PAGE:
Sections

Alphabetical list:

A B C D E F G H I J K L M N O P R S T U V W X Y Q Z 1 2 3 4 5 6 7 8 9

News: November 8, 2009

American Diabetes Association Launches Campaign to "Stop Diabetes"

November 8, 2009

How much do you know about diabetes? Many Americans do not know much about this disease that strikes someone every 20 seconds in the United States. That is one reason why the American Diabetes Association (ADA) has launched its "Stop Diabetes" campaign as part of American Diabetes Month.

According to the results of a survey conducted by the American Diabetes Association over the last 18 months, Americans have many misconceptions and believe many myths about diabetes. A lack of understanding of the critical nature of the disease, its complications, and increased risks, which include blindness, nerve damage, kidney failure, foot complications, skin infections, heart disease, stroke, gastroparesis, and high blood pressure, mean millions of people are unnecessarily placing themselves and their loved ones in harms way.

In a news release issued by the American Diabetes Association, Sue McLaughlin, RD, CDE, President, Health Care & Education of the ADA, noted that "Unfortunately, numerous myths about diabetes exist, making it difficult for people to believe the science-based facts." She went on to say that the new "Stop Diabetes" campaign "aims to put a halt to this lack of awareness and misinformation so we can change the direction of diabetes prevalence in this country."

The survey that was the catalyst for this campaign questioned 2,081 Americans about their knowledge of diabetes. The results showed that myths and misconceptions are common. For example, diabetes causes more deaths per year than AIDS and breast cancer combined, yet only 42 percent of respondents knew diabetes was the most deadly of these three choices.

A popular myth still believed by 68 percent of respondents is that eating too much sugar can lead to diabetes. The fact is that type 1 diabetes is caused by genetics and unknown factors, while type 2 diabetes is caused by genetics and lifestyle choices, including eating a high-calorie diet. However, the excess calories do not have to be from sugar. Fifty-nine percent of respondents did not know that being overweight or obese does not mean someone will eventually develop type 2 diabetes. Although it is true that being overweight is a risk factor for type 2 diabetes, other risk factors are also important, yet many people disregard them.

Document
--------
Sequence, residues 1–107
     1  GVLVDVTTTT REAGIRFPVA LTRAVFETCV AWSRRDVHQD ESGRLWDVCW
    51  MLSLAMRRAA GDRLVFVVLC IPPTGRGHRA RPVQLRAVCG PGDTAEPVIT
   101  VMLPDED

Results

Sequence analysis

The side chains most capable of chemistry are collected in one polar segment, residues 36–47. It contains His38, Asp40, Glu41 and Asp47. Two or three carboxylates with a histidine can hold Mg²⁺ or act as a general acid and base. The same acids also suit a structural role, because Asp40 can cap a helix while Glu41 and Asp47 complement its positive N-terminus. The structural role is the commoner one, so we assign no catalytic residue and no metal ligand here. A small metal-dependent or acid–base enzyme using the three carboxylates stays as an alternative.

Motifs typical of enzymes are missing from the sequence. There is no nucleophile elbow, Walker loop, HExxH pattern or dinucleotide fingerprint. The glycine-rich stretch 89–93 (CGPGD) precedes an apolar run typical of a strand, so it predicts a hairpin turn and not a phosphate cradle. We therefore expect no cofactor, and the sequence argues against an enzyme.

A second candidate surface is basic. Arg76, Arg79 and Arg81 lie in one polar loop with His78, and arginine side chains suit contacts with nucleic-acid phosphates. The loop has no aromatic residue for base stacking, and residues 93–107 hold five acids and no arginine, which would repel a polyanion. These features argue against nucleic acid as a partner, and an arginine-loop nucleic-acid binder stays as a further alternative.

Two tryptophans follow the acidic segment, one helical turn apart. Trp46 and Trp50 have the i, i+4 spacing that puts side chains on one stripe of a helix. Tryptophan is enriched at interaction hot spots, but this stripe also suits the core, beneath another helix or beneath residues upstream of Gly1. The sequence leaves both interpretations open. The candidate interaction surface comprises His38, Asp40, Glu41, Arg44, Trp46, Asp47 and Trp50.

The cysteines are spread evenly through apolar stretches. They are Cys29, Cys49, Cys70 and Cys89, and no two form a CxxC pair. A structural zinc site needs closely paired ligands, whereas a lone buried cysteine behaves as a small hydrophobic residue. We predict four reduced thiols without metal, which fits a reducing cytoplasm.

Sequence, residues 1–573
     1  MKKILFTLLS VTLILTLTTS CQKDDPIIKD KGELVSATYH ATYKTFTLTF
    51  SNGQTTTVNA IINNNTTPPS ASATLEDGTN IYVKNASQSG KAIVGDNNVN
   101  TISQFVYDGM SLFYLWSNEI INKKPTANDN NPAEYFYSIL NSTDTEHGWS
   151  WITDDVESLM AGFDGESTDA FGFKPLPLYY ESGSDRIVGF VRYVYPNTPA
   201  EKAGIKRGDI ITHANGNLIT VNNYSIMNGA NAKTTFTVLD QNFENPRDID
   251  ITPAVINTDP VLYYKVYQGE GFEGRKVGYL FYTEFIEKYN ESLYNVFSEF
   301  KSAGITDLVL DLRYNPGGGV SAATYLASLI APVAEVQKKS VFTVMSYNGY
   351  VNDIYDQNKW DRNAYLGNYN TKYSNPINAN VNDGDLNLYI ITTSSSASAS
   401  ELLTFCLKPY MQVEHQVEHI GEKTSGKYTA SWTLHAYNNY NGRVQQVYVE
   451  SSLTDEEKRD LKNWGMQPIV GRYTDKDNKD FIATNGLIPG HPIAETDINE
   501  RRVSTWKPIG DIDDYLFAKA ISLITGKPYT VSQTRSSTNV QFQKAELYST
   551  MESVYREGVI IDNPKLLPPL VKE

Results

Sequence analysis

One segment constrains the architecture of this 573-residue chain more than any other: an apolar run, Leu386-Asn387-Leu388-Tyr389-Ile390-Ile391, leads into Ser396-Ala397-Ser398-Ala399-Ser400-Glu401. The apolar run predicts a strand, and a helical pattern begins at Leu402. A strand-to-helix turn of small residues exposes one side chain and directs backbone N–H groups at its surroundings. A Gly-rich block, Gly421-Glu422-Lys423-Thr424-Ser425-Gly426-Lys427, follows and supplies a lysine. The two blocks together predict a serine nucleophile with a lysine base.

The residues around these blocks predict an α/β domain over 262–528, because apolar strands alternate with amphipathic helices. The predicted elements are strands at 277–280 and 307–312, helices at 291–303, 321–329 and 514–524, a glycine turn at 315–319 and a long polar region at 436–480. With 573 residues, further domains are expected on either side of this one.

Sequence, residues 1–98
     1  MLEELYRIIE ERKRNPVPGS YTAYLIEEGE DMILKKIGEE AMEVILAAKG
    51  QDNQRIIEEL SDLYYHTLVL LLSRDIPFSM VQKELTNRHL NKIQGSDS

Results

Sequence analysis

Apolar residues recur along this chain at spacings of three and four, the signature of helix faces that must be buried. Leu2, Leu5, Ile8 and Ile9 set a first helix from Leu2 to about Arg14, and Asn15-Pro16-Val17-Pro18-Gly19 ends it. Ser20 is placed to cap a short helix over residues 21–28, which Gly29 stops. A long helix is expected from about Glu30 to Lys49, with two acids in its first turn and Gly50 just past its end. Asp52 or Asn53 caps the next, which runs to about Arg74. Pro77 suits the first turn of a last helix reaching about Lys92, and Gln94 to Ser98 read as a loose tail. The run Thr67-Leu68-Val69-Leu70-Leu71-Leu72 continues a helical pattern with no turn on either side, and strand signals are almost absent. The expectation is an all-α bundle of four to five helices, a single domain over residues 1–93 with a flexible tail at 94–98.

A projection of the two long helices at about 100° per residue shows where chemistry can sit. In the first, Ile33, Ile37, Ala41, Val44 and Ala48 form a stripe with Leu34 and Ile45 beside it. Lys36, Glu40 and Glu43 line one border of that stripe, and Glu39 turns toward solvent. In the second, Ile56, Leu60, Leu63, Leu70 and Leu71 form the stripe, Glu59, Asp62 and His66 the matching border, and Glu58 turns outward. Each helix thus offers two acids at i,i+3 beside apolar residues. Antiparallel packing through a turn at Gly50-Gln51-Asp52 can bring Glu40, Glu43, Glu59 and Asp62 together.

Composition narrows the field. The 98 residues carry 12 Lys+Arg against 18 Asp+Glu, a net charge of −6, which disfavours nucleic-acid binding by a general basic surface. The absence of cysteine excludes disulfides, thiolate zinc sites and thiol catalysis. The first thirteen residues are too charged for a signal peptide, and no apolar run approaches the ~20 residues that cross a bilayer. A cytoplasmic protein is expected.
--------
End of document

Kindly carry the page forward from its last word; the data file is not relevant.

George Huntley, Chair of the Board of the ADA, noted in the news release that "people we encountered did not believe us when we told them that diabetes, if left untreated, can be deadly. They thought this was an untrue statement." This misconception and others are the target of the "Stop Diabetes" campaign.

The ADA is launching print and television public service announcements that feature real people who have diabetes. The Association hopes the personal stories of people with diabetes will inspire others to join the movement, volunteer to help stop diabetes, and learn more about the disease. To help get people involved, a list of events celebrating American Diabetes Month can be seen at the ADA website (www.diabetes.org/adm).

SOURCE:

American Diabetes Association




Archive issues: (50)

Archive list: 1 2 3 4 5 6 7 8 9 10 [11] 12 13 14 15 16 17

November 14, 2009 | Helping Children Cope With Stress

As adults we think of childhood as being happy and carefree, however today our world is different. What kinds of stress do children experience? Children in today's world have many concerns. Typical stresses would include school work and socialization however, the stress doesn't stop there for today's modern children.  Many ...